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Unrestrained Competition in Free Markets: Developing Countries and the Wto Reform

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UNRESTRAINED COMPETITION IN FREE MARKETS: DEVELOPING COUNTRIES AND THE WTO REFORM

FE2036 Globalization

By

Nora Adel

TABLE OF CONTENTS

1. Abstract 3

2. Introduction 4

3. The Two Sides of the WTO 5

4. Protectionism 6

4. Unrestrained Competition: 7

5. The Main Debate 8

6. Primary function of the Global New Deal 11

7. Conclusion 12

8. References 13

9. Bibliography 17

1. Abstract

In this paper, the debate about whether free trade is beneficial to third world countries is explored. On one hand are the WTO advocates ranging from powerful WTO members like the United States to full-fledged commercial corporations supporting globalization and the benefits free trade has brought with it and on the other hand are the left-wing critics who consist of democrats, governments, cultural custodians, and environmentalists, etc. who argue about the activities and the competition the WTO has brought along with it .This paper argues for the reform of the WTO internally with the aid of richer countries to help Third World countries become more developed and for this to occur change within the WTO is vital.

2. Introduction

Globalization is the buzzword of the 21st century but globalization is not really new. Even though it is difficult to define globalization it is generally thought of as being the “free flow of capital and trade between nations unhindered by geographical barriers or government policies” (Albert 2000).The term globalization came into being in the 1980’s but the concept is hundreds of years old. Events leading to globalization can be traced back as far as 1492 B.C.E. This was a time when people began to communicate and travel around the world. After World War II, in 1944, 44 nations came together at Bretton Woods, New Hampshire, to further strengthen globalization. Thus, the IMF (international monetary fund), the World Bank and GATT (General agreements on tariffs and trade) were then set up to promote globalization.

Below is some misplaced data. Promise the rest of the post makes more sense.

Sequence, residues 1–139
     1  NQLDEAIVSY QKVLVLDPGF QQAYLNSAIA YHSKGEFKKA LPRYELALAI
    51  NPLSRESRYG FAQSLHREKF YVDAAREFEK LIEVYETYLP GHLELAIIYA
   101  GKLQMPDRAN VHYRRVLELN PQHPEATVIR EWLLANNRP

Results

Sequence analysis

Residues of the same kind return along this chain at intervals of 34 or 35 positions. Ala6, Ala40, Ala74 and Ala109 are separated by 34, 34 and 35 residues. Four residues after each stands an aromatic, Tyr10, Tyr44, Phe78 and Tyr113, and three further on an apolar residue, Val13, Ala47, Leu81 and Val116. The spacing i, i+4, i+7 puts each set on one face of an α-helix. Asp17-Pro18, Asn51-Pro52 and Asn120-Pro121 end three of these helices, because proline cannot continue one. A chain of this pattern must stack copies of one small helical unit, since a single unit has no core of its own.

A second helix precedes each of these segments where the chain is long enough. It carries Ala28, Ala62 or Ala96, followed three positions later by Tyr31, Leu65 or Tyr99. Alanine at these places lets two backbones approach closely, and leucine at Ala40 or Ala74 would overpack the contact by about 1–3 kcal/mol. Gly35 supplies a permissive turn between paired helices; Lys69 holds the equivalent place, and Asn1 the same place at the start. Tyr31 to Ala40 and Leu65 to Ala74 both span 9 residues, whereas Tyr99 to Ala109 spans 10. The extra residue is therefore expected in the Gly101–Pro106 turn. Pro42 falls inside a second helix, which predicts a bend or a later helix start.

In 1995, the WTO was established replacing GATT (Britannica). The WTO is an international organization of 134 member countries. The world trading system came under pressure as Japan became more economically successful (Hill 2008). Also, the US developed a trade deficit as domestic producers lost out to foreign competitors this resulted in a rise in unemployment and the US congress called for protection against imports (Hill 2008). Many countries found ways to get round GATT regulations and, therefore, there was a call for greater protectionism (Hill 2008). Globalization is paving the way for powerful multi-national companies to come into developing countries, which is the least to say a new form of imperialism (Hargrave and Ashwin, 2004). Critics of the WTO say that although it is protectionist, it is only protecting multinational companies and not the developing or lesser developed countries. Of the largest hundred greatest economies in the world, 52 of them are not countries but MNC (multi-national corporations). If there are no restrictions then the multinational companies can force countries to compete against one another (Weisbrot 1999). If free trade means that US corn

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